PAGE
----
Wow! I'm Famous!

It looks as if my frustrations have made it out into the larger blogsphere!

These comments were made about my frustrations in trying to find a good church home!

steve said...
I stumbled on to this suggested name in another blog. It was a comment in response to a guy ranting that we need more traditional and liturgical churches.

The suggested name? The One True and Only Real Church Cos All The Others Are Pants Church.

The blog (I suggest you not visit): Shadows of Divine Things with a follow up here: Frustration Continues.

Oh . . . C'mon guys, you can visit my blog! I'm really very harmless . . . besides who can resist this face:

[The face of a guy who can not find a good church home!]

Books, Books, Books!

Well, thanks to Ben and Chris, I am now back into my "book mode." This is that mode where I want to go out and buy some books! Thanks a lot guys!!

So . . . instead of going out and spending money I don't actually have at this time, I'll leave a link here to a post I put on this blog back in early November of last year. The post is aptly titled Bibliomania.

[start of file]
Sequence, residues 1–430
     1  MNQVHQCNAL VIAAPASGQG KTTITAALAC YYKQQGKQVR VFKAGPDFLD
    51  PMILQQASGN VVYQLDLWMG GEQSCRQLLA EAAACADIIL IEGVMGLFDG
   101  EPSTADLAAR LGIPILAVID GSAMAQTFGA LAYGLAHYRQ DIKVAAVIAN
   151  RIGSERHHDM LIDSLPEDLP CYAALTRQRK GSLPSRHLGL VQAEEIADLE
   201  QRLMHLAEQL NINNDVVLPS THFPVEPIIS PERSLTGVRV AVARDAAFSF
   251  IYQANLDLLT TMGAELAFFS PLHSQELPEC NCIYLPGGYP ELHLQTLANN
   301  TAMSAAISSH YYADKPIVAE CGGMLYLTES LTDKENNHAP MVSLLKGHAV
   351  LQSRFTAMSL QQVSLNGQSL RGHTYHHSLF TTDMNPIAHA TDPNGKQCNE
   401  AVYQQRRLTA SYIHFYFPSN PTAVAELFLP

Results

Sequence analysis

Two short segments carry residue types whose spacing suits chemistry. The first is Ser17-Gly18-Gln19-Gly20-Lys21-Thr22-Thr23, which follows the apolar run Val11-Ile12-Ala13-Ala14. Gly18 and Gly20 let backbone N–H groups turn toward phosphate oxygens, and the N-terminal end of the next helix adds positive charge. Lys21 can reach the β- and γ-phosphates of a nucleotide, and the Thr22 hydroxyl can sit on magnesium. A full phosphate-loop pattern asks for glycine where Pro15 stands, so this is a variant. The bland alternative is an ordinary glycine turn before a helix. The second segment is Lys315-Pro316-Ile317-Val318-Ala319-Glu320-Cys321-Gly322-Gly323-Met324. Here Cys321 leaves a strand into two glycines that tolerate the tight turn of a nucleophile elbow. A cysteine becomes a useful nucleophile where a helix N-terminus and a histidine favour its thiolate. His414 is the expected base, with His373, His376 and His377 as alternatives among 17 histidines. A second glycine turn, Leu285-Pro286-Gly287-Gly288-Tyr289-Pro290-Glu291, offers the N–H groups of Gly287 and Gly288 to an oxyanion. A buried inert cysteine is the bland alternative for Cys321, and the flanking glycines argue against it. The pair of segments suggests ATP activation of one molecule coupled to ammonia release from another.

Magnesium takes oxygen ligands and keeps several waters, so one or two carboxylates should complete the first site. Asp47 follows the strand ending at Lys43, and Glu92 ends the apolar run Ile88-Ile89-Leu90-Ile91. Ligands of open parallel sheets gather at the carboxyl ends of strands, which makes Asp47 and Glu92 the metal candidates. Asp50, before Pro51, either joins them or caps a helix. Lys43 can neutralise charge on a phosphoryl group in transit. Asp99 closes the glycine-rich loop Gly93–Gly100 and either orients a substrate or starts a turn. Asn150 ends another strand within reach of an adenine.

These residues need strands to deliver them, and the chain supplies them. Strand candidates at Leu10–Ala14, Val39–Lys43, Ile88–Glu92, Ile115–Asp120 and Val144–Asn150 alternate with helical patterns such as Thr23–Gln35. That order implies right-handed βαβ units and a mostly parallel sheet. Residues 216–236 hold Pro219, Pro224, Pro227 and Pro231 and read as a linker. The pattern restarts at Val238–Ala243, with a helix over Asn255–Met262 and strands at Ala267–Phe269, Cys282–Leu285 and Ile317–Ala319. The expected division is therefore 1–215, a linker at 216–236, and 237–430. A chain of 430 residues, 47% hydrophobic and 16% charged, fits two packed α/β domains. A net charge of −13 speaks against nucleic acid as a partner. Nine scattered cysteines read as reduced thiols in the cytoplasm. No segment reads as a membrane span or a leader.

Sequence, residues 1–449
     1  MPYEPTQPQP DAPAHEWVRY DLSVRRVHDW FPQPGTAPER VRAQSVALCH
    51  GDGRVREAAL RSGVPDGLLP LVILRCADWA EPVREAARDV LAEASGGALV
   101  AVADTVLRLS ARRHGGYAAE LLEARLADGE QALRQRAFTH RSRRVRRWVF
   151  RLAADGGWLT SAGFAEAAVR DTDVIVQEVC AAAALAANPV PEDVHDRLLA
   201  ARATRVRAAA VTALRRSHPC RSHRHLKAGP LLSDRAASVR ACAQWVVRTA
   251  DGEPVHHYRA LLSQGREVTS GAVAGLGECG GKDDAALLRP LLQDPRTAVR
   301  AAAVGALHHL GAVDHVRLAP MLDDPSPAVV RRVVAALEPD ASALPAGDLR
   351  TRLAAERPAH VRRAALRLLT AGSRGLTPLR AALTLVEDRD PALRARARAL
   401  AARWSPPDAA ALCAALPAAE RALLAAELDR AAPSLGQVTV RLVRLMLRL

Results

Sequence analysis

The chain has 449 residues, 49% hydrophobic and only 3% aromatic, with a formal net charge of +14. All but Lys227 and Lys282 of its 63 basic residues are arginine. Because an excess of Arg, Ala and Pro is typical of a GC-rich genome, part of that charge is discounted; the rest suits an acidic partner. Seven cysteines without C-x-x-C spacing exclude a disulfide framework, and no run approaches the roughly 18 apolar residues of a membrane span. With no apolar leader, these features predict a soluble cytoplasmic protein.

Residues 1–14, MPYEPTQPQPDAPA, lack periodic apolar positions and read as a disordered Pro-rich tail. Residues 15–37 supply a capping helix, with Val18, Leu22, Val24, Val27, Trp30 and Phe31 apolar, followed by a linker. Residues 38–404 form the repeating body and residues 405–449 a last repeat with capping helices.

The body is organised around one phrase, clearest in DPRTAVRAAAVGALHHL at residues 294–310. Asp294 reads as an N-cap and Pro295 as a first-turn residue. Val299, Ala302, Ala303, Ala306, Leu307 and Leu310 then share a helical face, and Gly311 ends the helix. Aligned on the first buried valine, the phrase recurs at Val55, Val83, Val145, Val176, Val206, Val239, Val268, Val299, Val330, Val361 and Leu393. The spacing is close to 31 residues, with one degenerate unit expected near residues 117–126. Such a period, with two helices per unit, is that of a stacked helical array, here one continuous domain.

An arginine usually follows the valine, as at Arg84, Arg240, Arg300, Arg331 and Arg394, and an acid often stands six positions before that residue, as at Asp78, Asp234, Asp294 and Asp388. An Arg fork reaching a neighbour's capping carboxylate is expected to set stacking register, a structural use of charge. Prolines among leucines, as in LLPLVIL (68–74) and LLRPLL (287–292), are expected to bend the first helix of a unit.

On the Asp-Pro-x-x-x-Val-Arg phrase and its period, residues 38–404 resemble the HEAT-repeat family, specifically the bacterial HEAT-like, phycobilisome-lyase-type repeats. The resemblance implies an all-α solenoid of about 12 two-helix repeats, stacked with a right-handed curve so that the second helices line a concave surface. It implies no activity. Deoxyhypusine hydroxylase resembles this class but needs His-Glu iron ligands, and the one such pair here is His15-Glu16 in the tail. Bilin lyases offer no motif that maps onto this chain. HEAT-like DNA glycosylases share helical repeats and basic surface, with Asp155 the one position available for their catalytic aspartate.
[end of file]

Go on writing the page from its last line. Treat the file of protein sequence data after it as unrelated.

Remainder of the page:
I can relate to Chris when he declares about books, "I sniff them, take them to bed, devote hours of attention to them, gaze on them affectionately, caress them, and yes, even read them."

We're a pathetic lot aren't we?

A Bit of My Background (Part 2)

Between the time of my “traumatic” conversion and actually leaving for seminary was a 6 year period. In that six year period I moved from my hometown to the Dallas/Ft. Worth area and joined one of the largest Southern Baptist Churches in that area. It was at this church where I met my wife. I was teaching a Wednesday evening class and she attended, and the rest is history. I was also teaching one of the largest single adult Sunday morning classes at this church (about 100 to 150 people in the class), so this forced me to do my homework.